In some belief systems, this time of day, the “in-between”  or “liminal” time is when sacred or magical things can happen. It is when the “veil between the worlds” is thinnest, and folklore abounds with stories of humans who accidentally wandered into fairyland at dawn (or dusk, also an in-between time). In psychological terms, “liminality (from the Latin word līmen, meaning ‘a threshold’) is a psychological, neurological, or metaphysically subjective state, conscious or unconscious, of being on the ‘threshold’ of or between two different existential planes” (thanks, Wikipedia).

This is how I have felt, these first weeks of 2012: as if I am on the threshold of something. I don’t know what it is, but all this forward momentum of the past few years has slowed way down. And, as often happens when on the threshold of something new, I am in a state of pause. Something will happen, of this I am sure. Perhaps it will be an internal change, perhaps a new external path will open up. But for just now, I need to breathe in The Pause.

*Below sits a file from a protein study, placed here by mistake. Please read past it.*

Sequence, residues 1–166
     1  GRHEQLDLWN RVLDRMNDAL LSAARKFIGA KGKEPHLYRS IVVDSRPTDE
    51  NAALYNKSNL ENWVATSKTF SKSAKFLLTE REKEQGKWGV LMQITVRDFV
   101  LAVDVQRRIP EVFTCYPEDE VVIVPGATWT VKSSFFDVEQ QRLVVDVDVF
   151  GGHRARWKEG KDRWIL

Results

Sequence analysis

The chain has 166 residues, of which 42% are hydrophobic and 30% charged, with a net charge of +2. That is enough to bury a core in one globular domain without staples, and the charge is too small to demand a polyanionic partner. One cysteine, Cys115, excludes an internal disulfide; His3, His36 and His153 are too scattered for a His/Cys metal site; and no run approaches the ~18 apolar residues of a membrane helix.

The Pause can’t last forever, though. Stasis isn’t, ultimately, my goal. Which is why I chose the word “Move” as my one-word for 2012 after viewing this video last week. As I have been thinking about this word, I have realized that many advisors tell us not to move without a plan, to make your moves count. We plan our lives, we set goals, we live into the future. For me, that type of life-planning is paralyzing. If I am in that mode, I can’t choose which foot to put forward first, in fear of making the wrong choice. In that mode, I would look at morning on my right, and night on my left, and feel I had to choose one or the other. And that would be an impossible choice, so I would stay rooted to the spot I was already on.

Instead, I am looking at “Move” as an imperative to make joyful choices – to try new things, go new places, take new steps in my life. Not as part of a formal life plan, because that hasn’t worked for me. Instead, my informal plan is to Move. Just move. The next step may be a mis-step, but if the imperative is to move, then I can take another step. I want to welcome change within my life and in my heart – whether I move to the right or the left, I move into beauty. What a choice that is! Choose this or choose that – either way, BEAUTIFUL!

So, for a moment, I am pausing on the threshold. But liminal times don’t last forever – dawn always banishes night, night always overcomes day. That’s how it is supposed to work in the world, and in our lives as well. Pause, breathe, move!